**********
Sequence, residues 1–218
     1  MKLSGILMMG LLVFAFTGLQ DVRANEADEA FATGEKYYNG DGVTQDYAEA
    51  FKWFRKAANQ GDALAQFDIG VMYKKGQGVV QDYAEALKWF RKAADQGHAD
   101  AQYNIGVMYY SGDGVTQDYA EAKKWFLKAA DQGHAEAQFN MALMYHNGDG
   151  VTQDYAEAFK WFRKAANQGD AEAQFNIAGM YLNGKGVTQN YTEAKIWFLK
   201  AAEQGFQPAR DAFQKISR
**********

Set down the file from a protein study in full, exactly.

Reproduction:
Sequence, residues 1–218
     1  MKLSGILMMG LLVFAFTGLQ DVRANEADEA FATGEKYYNG DGVTQDYAEA
    51  FKWFRKAANQ GDALAQFDIG VMYKKGQGVV QDYAEALKWF RKAADQGHAD
   101  AQYNIGVMYY SGDGVTQDYA EAKKWFLKAA DQGHAEAQFN MALMYHNGDG
   151  VTQDYAEAFK WFRKAANQGD AEAQFNIAGM YLNGKGVTQN YTEAKIWFLK
   201  AAEQGFQPAR DAFQKISR